“There’s an element of freedom and an element of safety that goes hand in hand with the self-awareness that people experience in an EAGALA session,” Williams said. “It’s not a clinical setting. It’s less formal, it’s less restrictive.”
And no two sessions are the same, she said. Each is unique to the person and what he or she wants to work on. For example, before a therapy session the client may decide to work on anxiety or interpersonal relationships, she said.
“We believe that our clients actually have the solutions inside them,” she said.
The military counseling sessions explore topics like re-integration, PTSD, military sexual trauma and family dynamics, she said. Each session is different.
“What works for one person doesn’t always work for the next person,” she said.
Williams refers to horses as lie detectors because they reflect clients’ energies in counseling sessions. They are vigilant animals with a gifted ability to read people, she said.
“The horse is the perfect feedback because the horse gives completely unbiased, true, authentic feedback,” Williams said. “There’s no preconceived anything.”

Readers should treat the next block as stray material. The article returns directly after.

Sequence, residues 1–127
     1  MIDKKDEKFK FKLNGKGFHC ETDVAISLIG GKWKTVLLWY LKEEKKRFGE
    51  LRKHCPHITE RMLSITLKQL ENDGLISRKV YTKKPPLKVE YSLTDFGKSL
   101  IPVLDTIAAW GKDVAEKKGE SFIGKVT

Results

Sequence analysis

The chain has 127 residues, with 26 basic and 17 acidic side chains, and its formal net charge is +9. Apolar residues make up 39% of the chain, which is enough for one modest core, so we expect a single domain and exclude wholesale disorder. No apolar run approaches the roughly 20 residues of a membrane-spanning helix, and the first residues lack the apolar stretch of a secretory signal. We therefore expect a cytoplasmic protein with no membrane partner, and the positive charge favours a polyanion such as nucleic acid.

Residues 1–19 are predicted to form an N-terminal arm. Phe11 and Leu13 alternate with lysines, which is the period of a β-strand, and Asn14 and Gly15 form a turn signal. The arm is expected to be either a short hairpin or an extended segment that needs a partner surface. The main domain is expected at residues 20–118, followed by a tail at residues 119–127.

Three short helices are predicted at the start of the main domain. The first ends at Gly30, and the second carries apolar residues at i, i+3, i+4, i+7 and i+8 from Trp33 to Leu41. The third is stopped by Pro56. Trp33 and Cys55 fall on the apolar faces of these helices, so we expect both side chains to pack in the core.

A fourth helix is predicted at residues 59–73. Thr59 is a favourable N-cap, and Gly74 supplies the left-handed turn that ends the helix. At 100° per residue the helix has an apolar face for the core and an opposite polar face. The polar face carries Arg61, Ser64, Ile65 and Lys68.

Meanwhile, it’s not bad for the horses, either, even when horses are actually ridden by veterans with post-traumatic stress disorder.
A recent study by Rebecca Johnson, a professor in the MU College of Veterinary Medicine and the Sinclair School of Nursing, found that horses used in therapy programs did not experience physiological or behavioral stress.
The horse-human interaction also improves the confidence and self-esteem of riders, as well as their sensory sensitivity and social motivation, which decreases their overall stress levels.
Williams says the farm itself is a kind of refuge that encourages the difference between military and civilian life. It aims to provide a place for comfort and reflection, she said.
“It’s really quiet out here, and it’s really peaceful,” she said. “It’s just like a breath of fresh air.”